Some people have a natural reservoir of L because they expect rewards. They have a positive outlook and bust their tail. I love working with people like that! However, they still need PRs to stay engaged over the long haul. Others tend toward the “show me the money” end of the spectrum and only put out good energy if they see the reward plainly and quickly. If handled correctly, they can be great assets as well.

The invisible hand of self-interest (apologies to Adam Smith) can either guide your actions as a leader or slap you across the face. Make your choice.

Todd Ordal is President of Applied Strategy LLC. Todd helps CEOs achieve better financial results, become more effective leaders and sleep easier at night. He speaks, writes, consults and advises on issues of strategy and leadership. Todd is a former CEO and has led teams as large as 7,000. Follow Todd on Twitter here. You can also find Todd at,  303-527-0417 or

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Readers Respond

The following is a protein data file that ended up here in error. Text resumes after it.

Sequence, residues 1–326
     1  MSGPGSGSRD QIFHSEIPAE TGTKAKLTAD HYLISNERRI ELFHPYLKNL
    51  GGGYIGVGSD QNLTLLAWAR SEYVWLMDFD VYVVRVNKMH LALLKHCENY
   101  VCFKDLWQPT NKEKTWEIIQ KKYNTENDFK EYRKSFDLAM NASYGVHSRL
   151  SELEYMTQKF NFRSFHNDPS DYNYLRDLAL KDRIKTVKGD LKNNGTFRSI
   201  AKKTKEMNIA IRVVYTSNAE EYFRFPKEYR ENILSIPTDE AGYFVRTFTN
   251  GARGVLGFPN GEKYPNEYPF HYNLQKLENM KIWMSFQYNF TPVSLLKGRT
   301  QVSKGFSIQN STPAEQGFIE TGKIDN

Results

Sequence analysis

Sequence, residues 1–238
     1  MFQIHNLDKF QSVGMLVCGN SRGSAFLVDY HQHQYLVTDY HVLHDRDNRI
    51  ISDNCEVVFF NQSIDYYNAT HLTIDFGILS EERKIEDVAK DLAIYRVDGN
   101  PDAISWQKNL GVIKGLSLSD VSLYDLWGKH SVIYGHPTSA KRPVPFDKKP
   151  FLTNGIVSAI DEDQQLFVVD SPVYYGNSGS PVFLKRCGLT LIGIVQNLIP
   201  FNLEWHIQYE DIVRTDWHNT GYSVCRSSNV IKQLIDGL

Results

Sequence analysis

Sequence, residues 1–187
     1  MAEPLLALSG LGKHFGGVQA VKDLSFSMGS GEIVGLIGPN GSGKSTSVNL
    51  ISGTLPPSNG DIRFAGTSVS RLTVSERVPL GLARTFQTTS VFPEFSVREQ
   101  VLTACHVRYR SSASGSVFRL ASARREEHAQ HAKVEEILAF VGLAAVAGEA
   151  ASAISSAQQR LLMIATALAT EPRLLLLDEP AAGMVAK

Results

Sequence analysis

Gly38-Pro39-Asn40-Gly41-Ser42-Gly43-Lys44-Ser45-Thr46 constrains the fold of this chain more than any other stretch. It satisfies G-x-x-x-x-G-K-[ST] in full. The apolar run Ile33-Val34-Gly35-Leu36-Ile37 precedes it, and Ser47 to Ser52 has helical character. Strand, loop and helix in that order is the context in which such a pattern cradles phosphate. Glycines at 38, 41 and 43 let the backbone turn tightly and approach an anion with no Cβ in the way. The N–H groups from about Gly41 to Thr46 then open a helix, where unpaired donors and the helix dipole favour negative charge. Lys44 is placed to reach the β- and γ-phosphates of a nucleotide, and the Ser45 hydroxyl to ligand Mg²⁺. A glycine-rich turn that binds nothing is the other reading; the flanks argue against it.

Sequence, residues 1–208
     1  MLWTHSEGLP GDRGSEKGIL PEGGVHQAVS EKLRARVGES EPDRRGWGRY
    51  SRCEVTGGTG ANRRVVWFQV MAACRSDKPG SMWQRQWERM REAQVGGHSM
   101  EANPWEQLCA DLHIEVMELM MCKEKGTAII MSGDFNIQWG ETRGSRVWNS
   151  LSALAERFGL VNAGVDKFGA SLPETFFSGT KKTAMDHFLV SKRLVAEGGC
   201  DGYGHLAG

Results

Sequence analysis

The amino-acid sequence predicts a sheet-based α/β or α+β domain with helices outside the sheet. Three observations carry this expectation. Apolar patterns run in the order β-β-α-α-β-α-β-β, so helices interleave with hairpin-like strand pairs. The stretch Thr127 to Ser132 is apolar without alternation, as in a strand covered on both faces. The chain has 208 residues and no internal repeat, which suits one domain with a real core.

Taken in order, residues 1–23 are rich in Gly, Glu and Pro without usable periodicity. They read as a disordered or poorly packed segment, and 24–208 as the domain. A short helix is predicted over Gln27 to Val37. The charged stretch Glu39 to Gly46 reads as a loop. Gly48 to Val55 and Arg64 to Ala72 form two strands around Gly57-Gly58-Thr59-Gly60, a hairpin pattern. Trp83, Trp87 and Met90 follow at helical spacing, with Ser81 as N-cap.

Good examples Fred. You're spot on that the little things can be very significant. Your message about the danger of taking things away is also important. By Todd Ordal on 2012 04 11
We have experienced high turnover in the past for various reasons. We have found some of the simplest things are reward as well as financial increases on an employees opaycheck. A parking space in the underground garage was huge for our manager - a shut down the office lunch at the creekside is one they won't stop bringing up - buying lunch & bringing it in goes over well as well. We recently purchased everyone new headsets, gave them dual monitors, & brought in new ergo chairs. These moves all went over very well. Sometimes it's just rthe little things. By Fred Schubert on 2012 04 11
David, Teri, Brendan--Thanks. Good comments. Just had breakfast with a friend who has a 24 year old daughter who is totally engaged in her job/career. She works for some people who "get it." By Todd Ordal on 2012 04 04